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Everyday Utopias

An American Utopia
Political opposition exists in existing institutions and in everyday life, believes Frederick Jameson. 


One of what will be interesting to see now in the future is how the democrats – and even more the left – mobilize against the lies and hate propaganda of right-wing populism. We already see it in New York-based magazine N + 1, which in the last issue fills the gap meters with one long reflection after another, but also The New Yorker, The Atlantic and The Nation turn in the direction left after the political and ethical decay reached its mature stage The Grand Old Party.

There was also such a mobilization Slavoj Zizek put all cards on when he declared earlier this fall that he would give his support to Trump if he had been American. The reason for this, of course, was not that the Slovenian philosopher had such a sense of Trump's rallies, but because the appointment of such an unsympathetic, narcissistic celebrity as president could "make things happen" in the oligarchic party system that has overthrown US politics. Zizek is probably optimistic – and more than populist himself, when he messes with the enemy in this way – but surely it is at least that unless people come on the field with ideas other than those advocated by Trump & Co, the American dream is on very receding front.

Part of the mobilization will also include going back to the classics: Keynes, Smith, Marx – but also the descendants of the latter: Antonio Gramsci, the Frankfurt School's professional thinkers and Frederick Jameson.

Fresh classic. Jameson's essay In American Utopia is a great start in mobilization work. It's fresh – the text was originally a lecture Jameson held in 2014 – and it's one of the most central, now-living post-Marxists behind it, with a theoretical phrase that separates the academic spiral (though the text isn't exactly easy to read). Particularly nice is the new release, which, in addition to Jameson's original text, includes various other thinkers' reflections on the essay (including Zizek and Japanese Marxist Kojin Karatani).

Why should we read In American Utopia? What is Jameson pointing out that makes what he writes so suitable as a start-up for left-wing mobilization work? Well – first, that the utopia is not portrayed as a fantasy far away, but as an element of concrete social reality. Our contact with the utopian is no longer characterized by collective liberation, but rather by elements of hope, and thus change, in our immediate surroundings, says Jameson. He has this idea from the philosopher Ernst Bloch, as in The principle of hope (originally published in three books in 1954, 1955 and 1959) just tried to bring the Utopian idea down to earth and in contact with life-focused attention for what can change.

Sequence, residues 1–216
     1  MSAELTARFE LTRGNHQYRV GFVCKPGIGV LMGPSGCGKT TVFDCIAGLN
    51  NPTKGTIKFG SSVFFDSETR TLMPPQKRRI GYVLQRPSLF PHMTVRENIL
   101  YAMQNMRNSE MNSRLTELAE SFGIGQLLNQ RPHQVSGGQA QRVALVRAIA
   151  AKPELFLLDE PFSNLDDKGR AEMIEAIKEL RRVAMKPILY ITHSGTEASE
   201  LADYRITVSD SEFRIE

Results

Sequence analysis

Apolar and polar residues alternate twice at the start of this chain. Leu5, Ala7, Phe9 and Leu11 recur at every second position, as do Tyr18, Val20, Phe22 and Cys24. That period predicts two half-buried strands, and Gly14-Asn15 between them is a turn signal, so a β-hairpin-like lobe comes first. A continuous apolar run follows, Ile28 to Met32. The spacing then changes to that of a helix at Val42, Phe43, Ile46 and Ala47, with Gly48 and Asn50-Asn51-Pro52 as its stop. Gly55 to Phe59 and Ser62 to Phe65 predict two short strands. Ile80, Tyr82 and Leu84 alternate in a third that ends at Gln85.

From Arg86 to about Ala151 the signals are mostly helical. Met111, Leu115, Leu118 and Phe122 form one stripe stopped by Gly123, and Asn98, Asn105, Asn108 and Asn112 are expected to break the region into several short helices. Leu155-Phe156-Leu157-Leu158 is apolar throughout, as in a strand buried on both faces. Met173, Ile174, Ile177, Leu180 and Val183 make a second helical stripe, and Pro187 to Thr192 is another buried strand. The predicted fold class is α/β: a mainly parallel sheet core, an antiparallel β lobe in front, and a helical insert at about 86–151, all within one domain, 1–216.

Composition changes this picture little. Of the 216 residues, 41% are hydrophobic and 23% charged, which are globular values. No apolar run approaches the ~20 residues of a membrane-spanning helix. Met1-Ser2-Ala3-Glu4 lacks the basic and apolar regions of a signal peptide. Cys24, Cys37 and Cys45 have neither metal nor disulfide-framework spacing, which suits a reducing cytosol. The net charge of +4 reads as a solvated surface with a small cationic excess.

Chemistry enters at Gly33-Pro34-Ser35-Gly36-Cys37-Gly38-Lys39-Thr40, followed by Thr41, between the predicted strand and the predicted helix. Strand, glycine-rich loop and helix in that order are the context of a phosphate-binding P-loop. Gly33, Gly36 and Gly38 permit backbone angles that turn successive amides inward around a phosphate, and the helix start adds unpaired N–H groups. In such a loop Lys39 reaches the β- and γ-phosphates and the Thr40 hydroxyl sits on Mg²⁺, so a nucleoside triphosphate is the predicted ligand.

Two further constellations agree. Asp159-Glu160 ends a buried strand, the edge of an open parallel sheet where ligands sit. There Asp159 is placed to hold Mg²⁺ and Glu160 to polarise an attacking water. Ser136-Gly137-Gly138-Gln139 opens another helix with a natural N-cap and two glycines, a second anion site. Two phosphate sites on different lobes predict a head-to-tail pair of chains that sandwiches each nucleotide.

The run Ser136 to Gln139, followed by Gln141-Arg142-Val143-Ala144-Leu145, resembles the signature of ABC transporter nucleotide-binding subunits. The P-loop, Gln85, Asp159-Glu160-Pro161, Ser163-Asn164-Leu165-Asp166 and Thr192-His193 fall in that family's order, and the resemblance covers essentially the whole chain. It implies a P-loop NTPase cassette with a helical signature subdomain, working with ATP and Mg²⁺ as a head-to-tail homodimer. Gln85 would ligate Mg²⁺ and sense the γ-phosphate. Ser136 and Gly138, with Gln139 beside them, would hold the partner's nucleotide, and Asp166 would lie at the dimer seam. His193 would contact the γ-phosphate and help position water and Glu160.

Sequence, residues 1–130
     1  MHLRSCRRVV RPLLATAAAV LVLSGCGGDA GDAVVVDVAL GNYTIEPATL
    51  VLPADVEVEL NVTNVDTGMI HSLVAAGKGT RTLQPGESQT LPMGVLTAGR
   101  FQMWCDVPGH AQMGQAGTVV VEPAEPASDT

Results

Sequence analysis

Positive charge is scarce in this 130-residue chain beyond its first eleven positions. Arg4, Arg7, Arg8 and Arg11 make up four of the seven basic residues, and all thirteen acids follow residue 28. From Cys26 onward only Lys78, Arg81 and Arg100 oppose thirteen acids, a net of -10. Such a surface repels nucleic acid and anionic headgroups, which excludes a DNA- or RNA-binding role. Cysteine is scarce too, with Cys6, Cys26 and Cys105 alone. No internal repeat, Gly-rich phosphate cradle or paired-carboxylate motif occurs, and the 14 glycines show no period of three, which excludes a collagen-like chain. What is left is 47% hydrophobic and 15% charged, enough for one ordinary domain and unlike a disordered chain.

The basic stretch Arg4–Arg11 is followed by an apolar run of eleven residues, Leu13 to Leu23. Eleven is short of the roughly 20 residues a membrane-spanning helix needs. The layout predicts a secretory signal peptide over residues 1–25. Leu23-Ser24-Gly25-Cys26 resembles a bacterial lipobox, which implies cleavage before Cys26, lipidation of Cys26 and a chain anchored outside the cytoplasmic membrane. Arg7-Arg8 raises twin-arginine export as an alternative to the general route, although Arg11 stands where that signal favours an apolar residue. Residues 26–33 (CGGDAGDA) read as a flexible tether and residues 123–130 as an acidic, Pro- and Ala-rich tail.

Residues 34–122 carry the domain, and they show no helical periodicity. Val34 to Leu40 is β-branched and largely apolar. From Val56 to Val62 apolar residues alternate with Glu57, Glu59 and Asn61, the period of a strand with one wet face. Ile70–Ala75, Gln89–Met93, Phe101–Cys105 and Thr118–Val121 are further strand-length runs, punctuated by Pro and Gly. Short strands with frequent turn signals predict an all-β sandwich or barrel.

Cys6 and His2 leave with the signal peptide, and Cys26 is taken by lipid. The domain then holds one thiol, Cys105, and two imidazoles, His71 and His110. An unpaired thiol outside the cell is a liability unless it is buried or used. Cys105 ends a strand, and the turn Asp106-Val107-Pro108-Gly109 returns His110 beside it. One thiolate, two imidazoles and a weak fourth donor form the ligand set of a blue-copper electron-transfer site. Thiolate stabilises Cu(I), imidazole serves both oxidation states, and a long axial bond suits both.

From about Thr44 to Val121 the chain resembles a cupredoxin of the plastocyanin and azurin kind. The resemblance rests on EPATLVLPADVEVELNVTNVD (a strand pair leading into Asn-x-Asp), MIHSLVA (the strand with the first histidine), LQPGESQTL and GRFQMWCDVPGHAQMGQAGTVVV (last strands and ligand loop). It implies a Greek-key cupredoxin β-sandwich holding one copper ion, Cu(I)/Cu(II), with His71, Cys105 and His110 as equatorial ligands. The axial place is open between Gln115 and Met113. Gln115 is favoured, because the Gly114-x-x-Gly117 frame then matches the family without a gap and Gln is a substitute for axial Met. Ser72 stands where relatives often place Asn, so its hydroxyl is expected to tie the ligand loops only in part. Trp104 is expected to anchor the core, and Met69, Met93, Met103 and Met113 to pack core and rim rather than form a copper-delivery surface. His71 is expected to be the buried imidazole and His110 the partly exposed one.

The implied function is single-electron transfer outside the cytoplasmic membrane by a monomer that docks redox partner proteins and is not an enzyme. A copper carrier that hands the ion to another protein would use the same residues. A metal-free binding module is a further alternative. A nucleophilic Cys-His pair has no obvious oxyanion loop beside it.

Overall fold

In American Utopia is a great beginning in the mobilization work of the left against right-wing populism.

Utopian potential. For Jameson, the communist idea of ​​revolution is outdated on most levels, but neither is the reformist variant known as social democracy working optimally – especially because it is subject to corruption and so bureaucratized and compounded that any type of resistance or regulation will be unclear and difficult to adjust in place.

But then there is a third possibility, says Jameson, "double power". This term, which he has from Lenin, simply means a "state in the state", that is, a system that interferes with people's everyday lives, directly or indirectly. Jameson cites a number of examples – not without humor – of existing institutions that could be such a Trojan state draft: the mafia, the mail, the internet providers. The example he falls into is probably surprising to some: the military. It is the military that, he believes, will be the most effective means of challenging a corrupt state. All the institutions have in common that they are already in some form intertwined with the social reality of the past, and thus can be more easily activated as a body of revolutionary action.

Particularly effective will be such alternative, or potential, challenges to the state if they can tie the population around a pre-existing fetish, the American philosopher argues: the Declaration of Independence, Human Rights or – why not – Snorres royal sagas.

Intimate releases. In the essay we have an intimacy, or a notion, of the utopian as something we are already in, which is absolutely necessary. Seeing other opportunities, other ways of organizing, based on existing institutions, is an obviously interesting model of thought. It doesn't have to be the military – I don't agree with Jameson on this point – but making use of existing institutions to awaken a collective fantasy in everyday life is worth thinking about.

Here we also see clearly the link to Ernst Bloch on a more elaborate systemic level, for what Jameson is concerned about is various forms of institutions or organized practices that constitute, or may constitute, a core of how civil society works – and thus, through their everyday services and officials can challenge a corrupt state.

Let's say a Trump state, to get back on the lead. If we pursue this idea further, the utopian direction and form will gain more from your ability to ally with those already around you than to hone in on some collective fantasies of liberation.

The military will be the most effective means of challenging a corrupt state, Jameson believes.

Many would regard Jameson's suggestion of dual power as provocative – and many in the comments on the article disagree – but the point here is how Jameson implants a highly potent notion of utopia that breaks with the classic collective liberation model and sets it into a liberated state. This is not a stupid place to start.


See also Espen Hamer's essay on Thomas Moore's book Utopia.

Kjetil Røed
Kjetil Røed
Freelance writer.

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